Black History Month Physician Spotlight: Legacy to Leadership

Celebrating the contributions and journeys of Black physicians from our community

Feb 09, 2024 · Dox Spotlight

During Black History Month, we take a moment to deeply honor and reflect on the significant contributions and leadership roles that Black individuals, both past and present, have made in the realm of medicine. This month serves as a powerful reminder of their enduring legacy and the profound impact they have had on healthcare. Recognizing the importance of these contributions, we are dedicating each week to spotlight prominent Black members within the Doximity network. This week, we had the privilege of interviewing Frank Okosun, MD; Antonio Smith, MD; Joshua Anthony, MD, MBA; and Kelvin Pollard, MD

How does Black history influence your life as a physician?

Dr. Pollard - I look forward to Black History Month each year because it is an opportunity to look at how far we've come and how much further we have to go. I am motivated by all the great things accomplished by African American men and women who paved the way for me.

Dr. Smith - Black History gives me an opportunity to draw inspiration from providers that have made wonderful contributions to the field of medicine. Reflecting on the history of Black physicians in medicine gives me the courage to dream big and work toward a cause bigger than myself.

Dr. Okosun - Black History embodies the spirit of perseverance and resilience in the face of adversity. As a physician, I am faced with challenges and problems on a daily basis, so it encourages me to be steadfast to my goals and aspirations.

Dr. Anthony Black history not only influences my life as a physician but also profoundly influences my commitment to mental health care. It challenges me to be a better physician, advocate, and educator—one who recognizes the scars of the past, the resilience of the present, and the hope for a future where mental health equity is a reality for the Black community.

Why is it important to you that we celebrate Black History Month in medicine?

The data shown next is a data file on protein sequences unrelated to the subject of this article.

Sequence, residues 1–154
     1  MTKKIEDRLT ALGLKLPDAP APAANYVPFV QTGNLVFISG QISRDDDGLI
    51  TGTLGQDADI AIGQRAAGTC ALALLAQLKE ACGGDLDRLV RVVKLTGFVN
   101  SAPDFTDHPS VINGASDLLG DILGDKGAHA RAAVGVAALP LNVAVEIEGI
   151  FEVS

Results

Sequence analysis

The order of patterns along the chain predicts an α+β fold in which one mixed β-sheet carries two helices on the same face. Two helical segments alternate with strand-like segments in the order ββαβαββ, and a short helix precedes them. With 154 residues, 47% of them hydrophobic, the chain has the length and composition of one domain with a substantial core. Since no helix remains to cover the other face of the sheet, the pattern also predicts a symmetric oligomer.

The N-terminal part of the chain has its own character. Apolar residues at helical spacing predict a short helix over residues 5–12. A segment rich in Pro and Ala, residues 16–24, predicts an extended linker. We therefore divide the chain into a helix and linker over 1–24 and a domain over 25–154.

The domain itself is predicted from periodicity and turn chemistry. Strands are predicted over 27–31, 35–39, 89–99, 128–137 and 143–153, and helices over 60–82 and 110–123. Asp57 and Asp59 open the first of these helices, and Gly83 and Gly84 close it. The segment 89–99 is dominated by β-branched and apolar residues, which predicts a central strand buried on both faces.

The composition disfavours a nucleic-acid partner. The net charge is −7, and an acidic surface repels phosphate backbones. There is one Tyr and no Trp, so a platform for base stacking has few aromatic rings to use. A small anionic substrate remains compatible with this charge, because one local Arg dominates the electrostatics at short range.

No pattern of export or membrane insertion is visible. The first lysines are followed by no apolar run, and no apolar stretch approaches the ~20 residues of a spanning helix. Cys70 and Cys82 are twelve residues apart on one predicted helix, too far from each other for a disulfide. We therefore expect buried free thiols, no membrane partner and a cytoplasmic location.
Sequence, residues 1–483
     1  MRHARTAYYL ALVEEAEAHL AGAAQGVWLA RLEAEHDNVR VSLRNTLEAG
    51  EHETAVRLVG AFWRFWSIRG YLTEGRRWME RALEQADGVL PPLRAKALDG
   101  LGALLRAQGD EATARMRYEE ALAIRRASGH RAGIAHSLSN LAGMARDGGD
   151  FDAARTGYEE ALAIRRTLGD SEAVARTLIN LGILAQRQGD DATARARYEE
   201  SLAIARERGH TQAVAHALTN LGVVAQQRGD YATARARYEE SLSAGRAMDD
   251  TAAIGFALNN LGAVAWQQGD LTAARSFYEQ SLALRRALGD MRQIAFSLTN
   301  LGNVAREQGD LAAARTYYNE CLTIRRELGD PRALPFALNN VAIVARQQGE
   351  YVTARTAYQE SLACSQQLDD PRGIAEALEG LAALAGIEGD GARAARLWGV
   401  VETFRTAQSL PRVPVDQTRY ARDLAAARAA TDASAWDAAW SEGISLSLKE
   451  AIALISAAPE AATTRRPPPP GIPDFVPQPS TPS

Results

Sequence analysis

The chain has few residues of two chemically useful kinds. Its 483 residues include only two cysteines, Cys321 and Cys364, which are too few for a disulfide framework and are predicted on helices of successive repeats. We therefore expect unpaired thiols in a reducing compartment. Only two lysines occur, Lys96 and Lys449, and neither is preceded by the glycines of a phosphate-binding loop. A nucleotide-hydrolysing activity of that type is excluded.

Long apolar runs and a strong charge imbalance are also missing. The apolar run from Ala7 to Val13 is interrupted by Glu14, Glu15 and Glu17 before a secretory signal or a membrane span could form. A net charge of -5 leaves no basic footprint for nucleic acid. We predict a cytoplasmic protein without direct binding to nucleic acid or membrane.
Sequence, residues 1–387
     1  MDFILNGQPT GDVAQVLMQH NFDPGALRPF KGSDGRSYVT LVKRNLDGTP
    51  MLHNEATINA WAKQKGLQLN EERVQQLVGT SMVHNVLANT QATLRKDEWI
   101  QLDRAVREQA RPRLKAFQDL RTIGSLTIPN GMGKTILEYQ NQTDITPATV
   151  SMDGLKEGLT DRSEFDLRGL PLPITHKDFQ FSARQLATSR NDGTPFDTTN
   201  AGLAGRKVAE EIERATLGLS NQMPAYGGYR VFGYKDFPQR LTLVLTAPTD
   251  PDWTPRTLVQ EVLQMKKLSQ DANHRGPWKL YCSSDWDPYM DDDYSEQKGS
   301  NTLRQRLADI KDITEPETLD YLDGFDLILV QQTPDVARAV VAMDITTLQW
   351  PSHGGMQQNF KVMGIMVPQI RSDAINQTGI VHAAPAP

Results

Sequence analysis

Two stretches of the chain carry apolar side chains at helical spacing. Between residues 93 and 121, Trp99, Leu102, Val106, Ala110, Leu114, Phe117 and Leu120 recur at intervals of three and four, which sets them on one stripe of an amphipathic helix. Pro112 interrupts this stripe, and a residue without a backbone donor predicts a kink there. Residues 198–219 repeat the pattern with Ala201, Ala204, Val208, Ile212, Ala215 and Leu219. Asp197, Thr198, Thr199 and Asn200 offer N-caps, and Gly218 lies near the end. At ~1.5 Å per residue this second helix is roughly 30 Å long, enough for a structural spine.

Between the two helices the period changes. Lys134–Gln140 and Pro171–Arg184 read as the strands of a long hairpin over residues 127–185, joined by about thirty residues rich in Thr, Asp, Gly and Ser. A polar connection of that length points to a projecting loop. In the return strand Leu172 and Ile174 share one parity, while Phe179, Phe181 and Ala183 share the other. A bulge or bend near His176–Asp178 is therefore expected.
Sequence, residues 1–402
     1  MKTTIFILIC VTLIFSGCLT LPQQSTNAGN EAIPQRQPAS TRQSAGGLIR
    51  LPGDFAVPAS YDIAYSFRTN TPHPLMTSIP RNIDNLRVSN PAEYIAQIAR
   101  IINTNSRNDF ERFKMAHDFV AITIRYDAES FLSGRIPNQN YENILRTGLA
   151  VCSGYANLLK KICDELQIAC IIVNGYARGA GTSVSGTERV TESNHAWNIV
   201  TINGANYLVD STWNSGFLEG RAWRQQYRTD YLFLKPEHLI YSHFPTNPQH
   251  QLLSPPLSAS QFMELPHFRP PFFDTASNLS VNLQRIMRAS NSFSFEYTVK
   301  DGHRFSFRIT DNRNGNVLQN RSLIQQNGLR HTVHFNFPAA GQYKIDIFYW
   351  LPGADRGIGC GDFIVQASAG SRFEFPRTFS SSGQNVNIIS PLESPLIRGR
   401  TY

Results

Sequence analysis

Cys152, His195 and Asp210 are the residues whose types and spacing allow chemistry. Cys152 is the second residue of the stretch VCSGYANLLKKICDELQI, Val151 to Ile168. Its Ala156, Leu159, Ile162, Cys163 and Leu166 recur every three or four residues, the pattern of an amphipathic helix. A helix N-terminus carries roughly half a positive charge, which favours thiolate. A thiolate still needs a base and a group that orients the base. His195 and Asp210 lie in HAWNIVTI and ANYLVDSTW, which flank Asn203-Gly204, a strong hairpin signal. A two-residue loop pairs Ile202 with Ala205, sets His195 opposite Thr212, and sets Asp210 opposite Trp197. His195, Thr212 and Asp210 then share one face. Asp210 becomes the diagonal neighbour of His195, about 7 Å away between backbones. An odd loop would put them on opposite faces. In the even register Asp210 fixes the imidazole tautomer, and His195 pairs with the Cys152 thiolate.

Dr. Pollard - Black History is American history. We are able to highlight all the great things African Americans have accomplished despite not having ideal conditions for success. It reminds me to keep striving for excellence as I too want to motivate and inspire those behind me to continue excelling and contributing to the betterment of society at large. This month is useful to dismantle bias, racism, and microaggressions.

Dr. Smith - It's a great opportunity to explore the many accomplishments Black physicians have made throughout history.

Dr. Okosun - There has been a lot of disparities in healthcare outcomes and representation in Healthcare which needs to be addressed so putting the spotlight on Black History Month is one step in the right direction.

Dr. Anthony Celebrating Black History Month in medicine is very important to me for several reasons, each rooted in the recognition of past contributions, the acknowledgment of current disparities, and the inspiration for future generations.

What has your journey been like as a Black physician?

Dr. Pollard - My path to medicine was challenging yet fulfilling. Initially, advice from a mentor made me question my dream of becoming a Physician, especially as a first-generation college student unaware of the necessary steps to become competitive. My lack of clinical experience led me to the Church Health Clinic in Memphis, TN, where I embraced the philosophy of treating individuals, not just diseases. This experience, along with a medical mission trip to Haiti, solidified my ambition to pursue medicine with a focus on cultural competence and patient-centered care. After gaining teaching and leadership experience in inner-city Memphis, I joined Meharry Medical College, overcoming personal hardships including my mother’s breast cancer diagnosis and my nephew's tragic death. I chose Internal Medicine, completed my residency at Saint Louis University, and now serve as an Assistant Professor of Medicine and hold several leadership roles. This journey, though often isolating, has been immensely rewarding.